August 26, 2003
By David A. Gaffen
A million dollars.
That’s the amount brokerage firm Smith Barney agreed to pay in a settlement with the New York Stock Exchange in an investigation of improper conduct at an Atlanta branch of the firm related to WorldCom employee/shareholders. A former branch manager at the firm received a suspension for failure to supervise employees at his Atlanta branch. Regulatory filings indicate that Smith Barney consented to the NYSE’s findings that it had failed to “adequately ensure that certain activities of the WorldCom brokers in a branch of the firm were reasonably supervised.” They agreed to a censure, a sanction and the $1 million fine. While that amount may seem like chump change for a firm that was forced to fork over $400 million in an investigation into misleading research practices by the New York Attorney General’s office, plaintiffs’ lawyers seeking compensation for clients who lost money felt the fine and concurrent rulings were significant. “The signal it sends to me is that the NYSE took this very seriously and they graded it appropriately,” says Seth Lipner, a Garden City, N.Y.-based lawyer who is handling several arbitration claims against Smith Barney, along with current and former registered representatives of the firm.
Two of those representatives, Philip Spartis and Amy Elias, continue to fight the cases filed against them by various plaintiffs’ attorneys, along with the NYSE investigation, and are proceeding with their lawsuit against Smith Barney in addition.
The pair was fired from Smith Barney in early 2002 due to allegations of improper handling of options accounts for WorldCom employees. Spartis was the director of those options accounts at Smith Barney—a $2 billion book of business—and he, along with Elias, have been charged with several violations by the NYSE.
According to regulatory documents, they include unsuitable recommendations, sending communications to customers without prior approval, and sending misleading communications to clients. Their attorney, Jeffrey Liddle of New York, says he has filed a response to the NYSE’s formal charges and expects to hear some sort of ruling on that within a couple of weeks.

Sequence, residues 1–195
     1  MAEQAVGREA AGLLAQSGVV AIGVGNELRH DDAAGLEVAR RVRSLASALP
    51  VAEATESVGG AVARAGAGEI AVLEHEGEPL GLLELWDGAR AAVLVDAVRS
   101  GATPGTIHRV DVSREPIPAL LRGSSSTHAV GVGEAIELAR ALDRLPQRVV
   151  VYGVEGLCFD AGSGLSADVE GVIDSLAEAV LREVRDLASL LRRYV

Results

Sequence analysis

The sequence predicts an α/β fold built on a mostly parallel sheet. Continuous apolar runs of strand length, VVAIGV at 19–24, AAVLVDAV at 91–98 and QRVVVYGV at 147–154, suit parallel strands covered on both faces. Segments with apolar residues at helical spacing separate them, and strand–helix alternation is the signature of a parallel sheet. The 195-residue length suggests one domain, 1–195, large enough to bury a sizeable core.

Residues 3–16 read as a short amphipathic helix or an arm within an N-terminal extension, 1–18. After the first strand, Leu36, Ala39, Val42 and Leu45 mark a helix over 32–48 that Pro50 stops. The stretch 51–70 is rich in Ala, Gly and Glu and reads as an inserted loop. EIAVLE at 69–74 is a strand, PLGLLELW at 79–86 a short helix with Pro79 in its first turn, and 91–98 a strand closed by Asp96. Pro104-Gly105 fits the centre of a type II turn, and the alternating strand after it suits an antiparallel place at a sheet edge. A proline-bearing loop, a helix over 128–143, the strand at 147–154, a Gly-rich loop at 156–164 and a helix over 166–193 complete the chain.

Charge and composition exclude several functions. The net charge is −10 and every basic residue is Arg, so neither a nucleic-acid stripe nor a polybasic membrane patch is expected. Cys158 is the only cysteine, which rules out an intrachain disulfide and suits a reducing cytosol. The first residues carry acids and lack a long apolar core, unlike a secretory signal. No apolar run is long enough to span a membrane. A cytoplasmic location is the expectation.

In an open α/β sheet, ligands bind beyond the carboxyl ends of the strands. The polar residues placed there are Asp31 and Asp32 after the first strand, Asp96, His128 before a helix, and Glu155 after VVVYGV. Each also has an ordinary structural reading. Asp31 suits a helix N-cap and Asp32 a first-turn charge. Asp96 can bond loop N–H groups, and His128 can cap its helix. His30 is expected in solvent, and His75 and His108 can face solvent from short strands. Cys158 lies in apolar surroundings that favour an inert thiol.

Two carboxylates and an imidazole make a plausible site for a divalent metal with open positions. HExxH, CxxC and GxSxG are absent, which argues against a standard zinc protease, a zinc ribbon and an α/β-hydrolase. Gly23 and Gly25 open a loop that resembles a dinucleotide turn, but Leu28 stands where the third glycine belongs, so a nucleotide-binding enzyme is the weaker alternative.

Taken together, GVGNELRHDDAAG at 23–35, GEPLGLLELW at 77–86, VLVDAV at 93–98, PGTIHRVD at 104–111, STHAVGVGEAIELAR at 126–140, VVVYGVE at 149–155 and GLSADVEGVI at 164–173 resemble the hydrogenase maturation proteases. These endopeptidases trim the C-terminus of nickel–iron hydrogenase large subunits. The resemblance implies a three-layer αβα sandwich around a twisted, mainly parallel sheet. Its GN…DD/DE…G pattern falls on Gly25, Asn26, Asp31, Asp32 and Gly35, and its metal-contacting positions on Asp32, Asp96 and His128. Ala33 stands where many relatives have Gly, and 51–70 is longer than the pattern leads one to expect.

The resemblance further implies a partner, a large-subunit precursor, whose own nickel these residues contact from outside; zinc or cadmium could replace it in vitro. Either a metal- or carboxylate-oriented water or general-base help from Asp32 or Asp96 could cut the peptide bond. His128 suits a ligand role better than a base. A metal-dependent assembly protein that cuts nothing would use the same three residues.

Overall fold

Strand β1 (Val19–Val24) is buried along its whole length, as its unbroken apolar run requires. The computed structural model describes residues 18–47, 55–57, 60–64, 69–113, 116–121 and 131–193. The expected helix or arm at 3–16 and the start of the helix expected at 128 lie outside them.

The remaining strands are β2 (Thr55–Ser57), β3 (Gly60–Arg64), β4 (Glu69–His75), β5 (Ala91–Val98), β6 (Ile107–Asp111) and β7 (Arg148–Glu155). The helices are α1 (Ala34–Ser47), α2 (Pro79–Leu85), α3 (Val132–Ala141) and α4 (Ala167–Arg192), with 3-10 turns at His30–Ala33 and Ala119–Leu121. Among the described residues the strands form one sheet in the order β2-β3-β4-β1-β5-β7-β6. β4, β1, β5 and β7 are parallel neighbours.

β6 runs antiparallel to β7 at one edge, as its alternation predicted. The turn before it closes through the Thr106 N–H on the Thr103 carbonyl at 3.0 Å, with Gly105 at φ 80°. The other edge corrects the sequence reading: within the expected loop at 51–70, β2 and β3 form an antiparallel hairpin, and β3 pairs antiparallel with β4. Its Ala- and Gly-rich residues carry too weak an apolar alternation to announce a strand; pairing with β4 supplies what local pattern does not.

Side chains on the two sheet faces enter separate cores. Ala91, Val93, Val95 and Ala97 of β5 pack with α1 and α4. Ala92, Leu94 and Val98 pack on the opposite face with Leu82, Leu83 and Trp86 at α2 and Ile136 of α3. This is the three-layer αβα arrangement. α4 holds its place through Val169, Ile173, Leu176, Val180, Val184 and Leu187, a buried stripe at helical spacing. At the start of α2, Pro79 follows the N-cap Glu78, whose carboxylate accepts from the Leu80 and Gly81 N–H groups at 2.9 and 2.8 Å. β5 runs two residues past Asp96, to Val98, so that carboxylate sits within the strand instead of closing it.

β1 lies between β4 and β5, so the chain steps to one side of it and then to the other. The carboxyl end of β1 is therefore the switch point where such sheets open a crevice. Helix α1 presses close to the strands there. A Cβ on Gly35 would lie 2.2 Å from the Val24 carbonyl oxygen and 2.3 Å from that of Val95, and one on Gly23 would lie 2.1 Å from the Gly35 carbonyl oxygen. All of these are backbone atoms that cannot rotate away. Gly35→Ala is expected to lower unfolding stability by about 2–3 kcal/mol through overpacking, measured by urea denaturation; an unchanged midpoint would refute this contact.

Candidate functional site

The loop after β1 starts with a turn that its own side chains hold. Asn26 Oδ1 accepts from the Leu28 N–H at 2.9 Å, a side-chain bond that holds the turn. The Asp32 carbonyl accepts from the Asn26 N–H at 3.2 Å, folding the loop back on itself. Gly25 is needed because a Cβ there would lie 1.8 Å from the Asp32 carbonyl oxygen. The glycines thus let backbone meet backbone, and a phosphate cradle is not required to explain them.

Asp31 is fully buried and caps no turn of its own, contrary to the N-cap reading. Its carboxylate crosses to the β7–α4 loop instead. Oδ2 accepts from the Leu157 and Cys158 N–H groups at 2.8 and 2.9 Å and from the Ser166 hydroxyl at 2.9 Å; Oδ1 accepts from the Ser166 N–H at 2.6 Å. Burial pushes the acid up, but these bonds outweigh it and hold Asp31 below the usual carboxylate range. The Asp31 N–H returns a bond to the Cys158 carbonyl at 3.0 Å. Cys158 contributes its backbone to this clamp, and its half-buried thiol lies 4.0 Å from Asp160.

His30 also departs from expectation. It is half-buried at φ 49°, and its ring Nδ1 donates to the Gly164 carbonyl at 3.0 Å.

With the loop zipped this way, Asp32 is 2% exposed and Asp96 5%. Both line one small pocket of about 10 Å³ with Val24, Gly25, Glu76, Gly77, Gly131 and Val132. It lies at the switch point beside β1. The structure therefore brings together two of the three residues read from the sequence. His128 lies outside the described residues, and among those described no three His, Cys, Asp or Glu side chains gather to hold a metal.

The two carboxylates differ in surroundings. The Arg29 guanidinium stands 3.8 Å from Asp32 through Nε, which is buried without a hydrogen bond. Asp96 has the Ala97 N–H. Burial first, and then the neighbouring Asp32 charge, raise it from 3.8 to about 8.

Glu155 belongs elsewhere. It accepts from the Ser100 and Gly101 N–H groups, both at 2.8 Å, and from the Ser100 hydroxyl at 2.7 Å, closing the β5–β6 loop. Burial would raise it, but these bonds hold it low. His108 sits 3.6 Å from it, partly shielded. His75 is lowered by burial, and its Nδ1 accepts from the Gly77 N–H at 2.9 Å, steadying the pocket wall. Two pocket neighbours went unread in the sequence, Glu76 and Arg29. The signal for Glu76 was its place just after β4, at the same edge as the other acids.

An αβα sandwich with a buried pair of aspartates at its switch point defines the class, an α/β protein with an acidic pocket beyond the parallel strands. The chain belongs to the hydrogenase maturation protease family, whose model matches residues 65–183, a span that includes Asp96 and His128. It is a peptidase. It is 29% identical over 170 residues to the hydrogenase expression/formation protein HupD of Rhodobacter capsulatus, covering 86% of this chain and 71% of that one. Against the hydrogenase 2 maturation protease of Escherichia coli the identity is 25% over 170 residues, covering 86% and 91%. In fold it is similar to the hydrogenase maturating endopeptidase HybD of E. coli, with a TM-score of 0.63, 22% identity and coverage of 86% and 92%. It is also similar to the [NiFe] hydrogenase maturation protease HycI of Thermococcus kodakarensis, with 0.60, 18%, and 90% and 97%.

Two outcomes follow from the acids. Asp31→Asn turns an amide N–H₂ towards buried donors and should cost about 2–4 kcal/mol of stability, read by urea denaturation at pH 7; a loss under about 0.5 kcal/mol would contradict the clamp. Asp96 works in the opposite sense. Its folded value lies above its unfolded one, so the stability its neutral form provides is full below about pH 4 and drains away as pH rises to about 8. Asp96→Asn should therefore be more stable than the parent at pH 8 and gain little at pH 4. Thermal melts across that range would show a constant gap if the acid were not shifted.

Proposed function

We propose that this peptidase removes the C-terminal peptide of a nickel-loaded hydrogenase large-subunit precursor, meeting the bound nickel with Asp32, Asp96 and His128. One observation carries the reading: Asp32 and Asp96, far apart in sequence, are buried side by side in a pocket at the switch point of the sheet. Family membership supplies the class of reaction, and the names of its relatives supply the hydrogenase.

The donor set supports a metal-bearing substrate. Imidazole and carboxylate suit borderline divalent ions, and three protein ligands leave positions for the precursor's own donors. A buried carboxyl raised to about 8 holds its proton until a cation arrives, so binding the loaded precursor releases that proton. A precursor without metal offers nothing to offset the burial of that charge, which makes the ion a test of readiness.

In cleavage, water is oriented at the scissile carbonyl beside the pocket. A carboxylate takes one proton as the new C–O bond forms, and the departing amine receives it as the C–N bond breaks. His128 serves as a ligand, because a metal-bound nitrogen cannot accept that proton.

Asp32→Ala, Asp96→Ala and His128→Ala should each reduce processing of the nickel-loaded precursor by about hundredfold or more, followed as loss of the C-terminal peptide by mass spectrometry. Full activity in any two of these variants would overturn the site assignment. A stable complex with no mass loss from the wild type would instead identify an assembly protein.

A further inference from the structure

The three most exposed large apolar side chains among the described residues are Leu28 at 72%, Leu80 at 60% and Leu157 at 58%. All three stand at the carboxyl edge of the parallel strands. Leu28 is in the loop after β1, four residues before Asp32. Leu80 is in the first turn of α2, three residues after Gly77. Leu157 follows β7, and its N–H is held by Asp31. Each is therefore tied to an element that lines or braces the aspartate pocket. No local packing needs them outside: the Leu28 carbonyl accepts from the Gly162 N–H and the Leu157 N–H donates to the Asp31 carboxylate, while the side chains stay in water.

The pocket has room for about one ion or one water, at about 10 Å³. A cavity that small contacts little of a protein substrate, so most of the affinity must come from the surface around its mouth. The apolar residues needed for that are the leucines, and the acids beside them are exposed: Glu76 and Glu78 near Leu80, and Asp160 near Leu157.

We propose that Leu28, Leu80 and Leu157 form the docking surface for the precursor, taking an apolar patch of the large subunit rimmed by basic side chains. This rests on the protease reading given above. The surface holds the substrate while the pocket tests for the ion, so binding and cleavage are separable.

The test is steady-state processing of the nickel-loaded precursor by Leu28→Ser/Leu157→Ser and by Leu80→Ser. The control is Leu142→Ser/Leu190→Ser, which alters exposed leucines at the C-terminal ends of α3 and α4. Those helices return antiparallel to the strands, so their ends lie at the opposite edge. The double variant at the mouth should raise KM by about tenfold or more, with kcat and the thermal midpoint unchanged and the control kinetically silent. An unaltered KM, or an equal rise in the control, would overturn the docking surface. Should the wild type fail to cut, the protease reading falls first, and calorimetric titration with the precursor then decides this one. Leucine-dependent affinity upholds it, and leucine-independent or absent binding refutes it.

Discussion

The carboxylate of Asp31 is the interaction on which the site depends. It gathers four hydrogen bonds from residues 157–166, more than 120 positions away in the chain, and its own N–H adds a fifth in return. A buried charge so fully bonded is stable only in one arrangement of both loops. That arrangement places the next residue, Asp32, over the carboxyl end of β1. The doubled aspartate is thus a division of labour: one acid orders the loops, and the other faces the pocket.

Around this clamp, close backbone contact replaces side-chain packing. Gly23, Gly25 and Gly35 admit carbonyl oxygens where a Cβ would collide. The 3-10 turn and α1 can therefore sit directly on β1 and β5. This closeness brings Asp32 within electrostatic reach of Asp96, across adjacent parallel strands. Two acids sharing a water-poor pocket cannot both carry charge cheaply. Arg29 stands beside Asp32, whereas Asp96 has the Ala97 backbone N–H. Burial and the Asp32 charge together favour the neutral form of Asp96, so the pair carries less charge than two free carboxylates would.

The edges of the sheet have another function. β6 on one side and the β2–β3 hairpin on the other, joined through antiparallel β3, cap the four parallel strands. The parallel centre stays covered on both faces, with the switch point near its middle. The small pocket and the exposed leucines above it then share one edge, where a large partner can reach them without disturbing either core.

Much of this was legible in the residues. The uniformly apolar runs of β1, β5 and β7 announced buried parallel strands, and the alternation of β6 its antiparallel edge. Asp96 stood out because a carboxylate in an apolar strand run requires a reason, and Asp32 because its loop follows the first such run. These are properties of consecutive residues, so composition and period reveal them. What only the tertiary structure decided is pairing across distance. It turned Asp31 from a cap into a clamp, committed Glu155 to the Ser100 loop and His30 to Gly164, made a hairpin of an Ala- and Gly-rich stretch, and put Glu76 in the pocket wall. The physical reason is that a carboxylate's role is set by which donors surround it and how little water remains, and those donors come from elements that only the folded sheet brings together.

The pair had counter-sued their old firm and former telecom analyst Jack Grubman for what they believed were misleading recommendations by Grubman that prevented the brokers from adequately doing their jobs. Spartis and Elias subsequently filed $100 million lawsuits against their former employers.
Individual investor cases against analysts have had difficulty swaying judges—it’s hard to prove that an analyst made a person buy certain stocks—and this ruling could lengthen the odds against Liddle’s clients, because it acknowledges regulatory action against Spartis’ former supervisor, Michael Grace, for failure to supervise. Liddle claims, however, that formal charges against Grace and Smith Barney were never filed—that those parties merely agreed to a settlement prior to formal charges being written. “This is not even a penalty,” Liddle says, referring to the fine. “It does nothing for any customers and it doesn’t reflect on Phil at all.”
Grace, the former branch manager of the Atlanta office, accepted a three-month supervisory suspension, which is moot anyhow, as he’s already been demoted and is no longer in management.
The scattered arbitration cases against the firm continue to proceed, a number of which will be heard later this year. “There were supervisors who failed, and those who had obligations to the clients and the firms—it could have been prevented,” says Boca Raton, Fla.-based attorney Lawrence Klayman, who represents about $75 million in investor claims against Smith Barney. “This was a sales practice violation case…these accounts were mishandled regardless of the Grubman issue.”
Grubman was banned from the industry for life and forced to pay a $15 million fine as a result of New York State A.G. Eliot Spitzer’s investigations into Wall Street.
A Smith Barney spokeswoman would only comment that they were pleased to have the matter resolved. For Liddle and his clients, however, the issue remains unresolved.